Phillip Island Accommodation with a difference.

Brand spanking new purpose built Eco-friendly accommodation complex is specially designed for you.

State of the art facilities, comfortable and friendly services. Now staying away no longer needs to feel unsociable, impersonal and difficult to meet people.

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At The Island we know the importance of meeting people and community, and the complex has been designed with this in mind. Open spaces provide ample space for relaxation, fun, dining, good times and peace time. The Island has a friendly and relaxed vibe. It’s all about...your experience!!!

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  • Architecturally designed with eco friendly features to reduce energy and water consumption; you'll find superior accommodation at a budget price.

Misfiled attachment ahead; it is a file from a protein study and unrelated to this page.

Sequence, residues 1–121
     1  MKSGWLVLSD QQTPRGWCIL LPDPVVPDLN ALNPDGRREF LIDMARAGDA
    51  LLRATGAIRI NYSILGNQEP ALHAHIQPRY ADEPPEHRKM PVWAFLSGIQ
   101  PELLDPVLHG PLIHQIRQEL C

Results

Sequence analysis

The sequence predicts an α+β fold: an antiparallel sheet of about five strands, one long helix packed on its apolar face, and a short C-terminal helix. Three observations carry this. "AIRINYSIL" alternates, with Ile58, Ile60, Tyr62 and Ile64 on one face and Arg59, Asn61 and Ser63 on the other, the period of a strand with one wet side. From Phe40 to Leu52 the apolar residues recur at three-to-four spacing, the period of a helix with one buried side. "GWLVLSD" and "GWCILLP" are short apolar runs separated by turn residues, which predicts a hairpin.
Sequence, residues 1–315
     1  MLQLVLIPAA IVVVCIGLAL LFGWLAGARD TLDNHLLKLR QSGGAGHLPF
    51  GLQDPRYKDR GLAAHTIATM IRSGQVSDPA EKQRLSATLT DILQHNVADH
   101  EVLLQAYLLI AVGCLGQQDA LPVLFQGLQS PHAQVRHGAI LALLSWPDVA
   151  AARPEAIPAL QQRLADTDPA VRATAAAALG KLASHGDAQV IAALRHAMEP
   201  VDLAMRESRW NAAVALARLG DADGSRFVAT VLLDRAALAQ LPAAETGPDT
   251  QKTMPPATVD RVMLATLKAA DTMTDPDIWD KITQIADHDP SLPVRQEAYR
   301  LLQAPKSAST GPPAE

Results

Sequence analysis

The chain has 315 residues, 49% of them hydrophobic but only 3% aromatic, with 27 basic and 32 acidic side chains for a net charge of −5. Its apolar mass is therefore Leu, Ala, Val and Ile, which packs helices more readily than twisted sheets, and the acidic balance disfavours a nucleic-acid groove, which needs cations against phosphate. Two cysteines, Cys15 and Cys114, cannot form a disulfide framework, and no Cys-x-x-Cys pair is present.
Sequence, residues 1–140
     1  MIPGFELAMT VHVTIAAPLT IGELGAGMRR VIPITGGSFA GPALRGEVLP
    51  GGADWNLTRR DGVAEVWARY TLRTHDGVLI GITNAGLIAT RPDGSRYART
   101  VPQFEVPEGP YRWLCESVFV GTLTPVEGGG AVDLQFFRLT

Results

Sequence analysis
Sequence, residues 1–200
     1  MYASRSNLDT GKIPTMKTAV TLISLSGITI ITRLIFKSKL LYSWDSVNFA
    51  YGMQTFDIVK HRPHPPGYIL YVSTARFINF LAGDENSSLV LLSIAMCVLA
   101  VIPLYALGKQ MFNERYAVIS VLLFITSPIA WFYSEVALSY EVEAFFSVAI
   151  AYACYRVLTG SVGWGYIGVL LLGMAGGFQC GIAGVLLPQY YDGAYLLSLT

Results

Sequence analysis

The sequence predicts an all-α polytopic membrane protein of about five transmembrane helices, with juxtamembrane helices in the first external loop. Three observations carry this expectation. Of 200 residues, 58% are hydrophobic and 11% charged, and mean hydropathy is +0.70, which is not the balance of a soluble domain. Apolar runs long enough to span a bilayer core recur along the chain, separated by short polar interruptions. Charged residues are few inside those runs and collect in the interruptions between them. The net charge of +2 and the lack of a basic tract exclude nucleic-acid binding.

• Private studio suite rooms to multi-share accommodation from $30per person/night.
  • Couples, families, weekenders, short / longer term and independent travellers, there is accommodation here for you.

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The Island provides you with the choice. Rooms and beds include private studio suites, doubles, twins, family rooms and multi-share rooms. Group bookings and functions available at request.

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Around the The Big Wave Complex

The Big Wave